Beware gift-bearing robber barons because there’s almost always a catch
By donating large sums to centres of learning, tainted family dynasties and opportunists seek to blunt human rights
For centuries, rich, ruthless men have funded centres of learning as a form of spiritual money laundering and to perpetuate the glory of their names. In death, as in life, they drove hard bargains.
Oxford and Cambridge, the UK’s ancient universities, have done well out of such bequests compared with their British and European rivals. But the era of scrutiny-free donations has drawn to an end; the universities face a new and testing environment when it comes to defending decisions to stash the cash and plant a prominent name plate on a new library or graduate centre.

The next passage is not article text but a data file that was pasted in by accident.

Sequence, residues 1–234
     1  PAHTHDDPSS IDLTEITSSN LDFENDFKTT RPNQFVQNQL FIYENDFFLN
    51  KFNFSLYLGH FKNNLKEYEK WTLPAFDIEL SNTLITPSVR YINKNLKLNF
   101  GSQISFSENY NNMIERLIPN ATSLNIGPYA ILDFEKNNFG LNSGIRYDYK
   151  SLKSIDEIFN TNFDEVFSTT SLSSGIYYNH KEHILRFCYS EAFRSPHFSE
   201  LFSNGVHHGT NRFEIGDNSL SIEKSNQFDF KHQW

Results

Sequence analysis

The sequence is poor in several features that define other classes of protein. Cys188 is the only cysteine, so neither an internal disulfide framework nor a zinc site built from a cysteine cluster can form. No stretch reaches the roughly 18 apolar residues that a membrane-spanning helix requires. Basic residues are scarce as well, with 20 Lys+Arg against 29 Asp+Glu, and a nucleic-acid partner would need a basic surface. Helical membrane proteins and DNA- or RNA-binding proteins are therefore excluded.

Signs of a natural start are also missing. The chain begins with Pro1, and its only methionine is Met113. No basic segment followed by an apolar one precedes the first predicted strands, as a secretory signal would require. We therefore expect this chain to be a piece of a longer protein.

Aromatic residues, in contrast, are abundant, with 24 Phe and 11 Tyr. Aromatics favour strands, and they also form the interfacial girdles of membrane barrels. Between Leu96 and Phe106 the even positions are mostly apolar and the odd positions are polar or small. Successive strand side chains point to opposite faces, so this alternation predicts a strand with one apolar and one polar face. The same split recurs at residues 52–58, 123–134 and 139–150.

Last week, Oxford, ranked number one in world university league tables, was accused of “moral failure” after it accepted millions of pounds from a charitable trust set up by the Mosley family, a clan tainted by its links to the British fascist party of the 1930s. The rules governing donations are not hard and fast, though the moral calculus of accepting large philanthropic sums is usually overseen by institutional ethics committees. A short-term squall or reputational hit can be factored in, as long as the money was legally earned and brings benefit to educational, charitable (and more comfortable) facilities. ..